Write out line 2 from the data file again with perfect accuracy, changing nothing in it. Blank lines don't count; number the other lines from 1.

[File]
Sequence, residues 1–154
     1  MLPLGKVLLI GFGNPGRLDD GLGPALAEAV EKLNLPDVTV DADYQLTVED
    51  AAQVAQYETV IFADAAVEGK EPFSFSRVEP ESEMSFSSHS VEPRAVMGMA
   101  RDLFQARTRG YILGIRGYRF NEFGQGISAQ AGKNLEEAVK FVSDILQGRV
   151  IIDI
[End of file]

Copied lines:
     1  MLPLGKVLLI GFGNPGRLDD GLGPALAEAV EKLNLPDVTV DADYQLTVED